The preoccupation with the past exhibited in Proust's and Atget’s work in their respective creative fields can seem to verge on brooding.
Far exceeding the merely documentary function of architectural survey photography its dryly topographic title would suggest, Rue de Bretonvilliers conveys the melancholic aspect of Atget’s envisioned Vieux Paris. Taken from under the shelter of an arch during the calm of a storm, the photograph evokes the uncanny lull of the island on which the street is located, its quiet atmosphere paradoxical given its location near the geographical center of Paris.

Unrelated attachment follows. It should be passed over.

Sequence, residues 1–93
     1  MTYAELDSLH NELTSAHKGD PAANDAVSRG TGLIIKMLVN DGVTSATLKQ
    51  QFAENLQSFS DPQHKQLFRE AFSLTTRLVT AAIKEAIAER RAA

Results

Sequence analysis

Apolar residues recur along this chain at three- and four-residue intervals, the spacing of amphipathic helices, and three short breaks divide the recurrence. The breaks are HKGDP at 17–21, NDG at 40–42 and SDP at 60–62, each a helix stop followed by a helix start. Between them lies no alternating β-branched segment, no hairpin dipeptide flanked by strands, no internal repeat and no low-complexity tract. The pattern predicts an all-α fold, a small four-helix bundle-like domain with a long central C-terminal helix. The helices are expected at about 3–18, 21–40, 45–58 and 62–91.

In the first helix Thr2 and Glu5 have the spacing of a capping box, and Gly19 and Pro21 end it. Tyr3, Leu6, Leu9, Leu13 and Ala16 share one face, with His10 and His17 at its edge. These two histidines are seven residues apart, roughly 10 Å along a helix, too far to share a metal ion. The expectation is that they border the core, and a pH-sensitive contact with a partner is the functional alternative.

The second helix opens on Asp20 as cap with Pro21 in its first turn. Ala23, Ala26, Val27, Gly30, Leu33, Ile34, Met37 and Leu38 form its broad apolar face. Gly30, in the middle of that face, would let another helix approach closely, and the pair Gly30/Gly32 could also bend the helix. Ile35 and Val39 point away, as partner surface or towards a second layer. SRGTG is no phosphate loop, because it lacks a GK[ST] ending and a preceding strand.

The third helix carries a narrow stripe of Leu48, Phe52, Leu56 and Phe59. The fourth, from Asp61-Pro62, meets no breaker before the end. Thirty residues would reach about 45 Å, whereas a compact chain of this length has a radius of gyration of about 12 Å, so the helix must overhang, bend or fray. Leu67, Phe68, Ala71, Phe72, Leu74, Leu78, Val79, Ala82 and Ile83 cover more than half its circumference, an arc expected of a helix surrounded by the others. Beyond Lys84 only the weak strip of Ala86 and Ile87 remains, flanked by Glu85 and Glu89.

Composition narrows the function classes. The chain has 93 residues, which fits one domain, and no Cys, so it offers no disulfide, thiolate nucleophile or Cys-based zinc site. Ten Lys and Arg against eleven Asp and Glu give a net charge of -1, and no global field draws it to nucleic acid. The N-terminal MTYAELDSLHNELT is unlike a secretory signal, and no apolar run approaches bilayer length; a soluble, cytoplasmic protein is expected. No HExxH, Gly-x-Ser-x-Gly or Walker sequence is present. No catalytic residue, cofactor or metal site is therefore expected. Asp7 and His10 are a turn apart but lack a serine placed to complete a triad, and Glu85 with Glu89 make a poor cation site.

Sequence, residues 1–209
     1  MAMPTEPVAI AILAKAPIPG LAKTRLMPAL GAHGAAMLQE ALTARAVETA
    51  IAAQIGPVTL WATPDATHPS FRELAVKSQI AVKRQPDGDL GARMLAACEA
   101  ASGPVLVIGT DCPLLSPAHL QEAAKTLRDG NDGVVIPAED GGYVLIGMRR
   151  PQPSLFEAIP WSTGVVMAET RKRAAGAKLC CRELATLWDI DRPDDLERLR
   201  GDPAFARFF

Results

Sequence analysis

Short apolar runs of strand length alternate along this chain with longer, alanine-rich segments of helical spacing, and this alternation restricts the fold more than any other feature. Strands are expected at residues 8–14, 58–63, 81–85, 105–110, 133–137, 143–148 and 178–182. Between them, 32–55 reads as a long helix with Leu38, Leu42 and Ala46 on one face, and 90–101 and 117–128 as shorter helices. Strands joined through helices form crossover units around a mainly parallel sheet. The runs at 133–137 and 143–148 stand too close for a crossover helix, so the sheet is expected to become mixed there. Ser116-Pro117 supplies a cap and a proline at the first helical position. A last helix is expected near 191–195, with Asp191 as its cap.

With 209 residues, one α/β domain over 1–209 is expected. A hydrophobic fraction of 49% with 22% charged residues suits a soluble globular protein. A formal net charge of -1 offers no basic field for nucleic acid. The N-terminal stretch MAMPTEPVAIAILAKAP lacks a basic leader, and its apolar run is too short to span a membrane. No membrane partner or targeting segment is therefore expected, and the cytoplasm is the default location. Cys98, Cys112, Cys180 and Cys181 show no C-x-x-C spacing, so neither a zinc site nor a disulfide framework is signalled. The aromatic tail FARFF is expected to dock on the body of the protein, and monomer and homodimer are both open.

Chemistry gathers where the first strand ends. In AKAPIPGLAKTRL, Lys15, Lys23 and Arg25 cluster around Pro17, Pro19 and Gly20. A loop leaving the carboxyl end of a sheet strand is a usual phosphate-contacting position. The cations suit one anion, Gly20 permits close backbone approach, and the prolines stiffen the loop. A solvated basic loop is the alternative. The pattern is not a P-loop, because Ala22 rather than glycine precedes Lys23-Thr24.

Rather than simply empty, the scene seems eerily evacuated, as it is littered with traces of former presence and activity. The unattended horse-drawn cart–a forsaken remainder of an increasingly obsolescent mode of transportation–underscores this sense of abandonment.
Jean-Eugène-Auguste Atget (French, 1857-1927)
Rue de Bretonvilliers, Île Saint-Louis, Paris, 1924
Harvard Art Museums/Fogg Museum, Gift of Mr. and Mrs. Herbert W. Pratt, P1970.30.A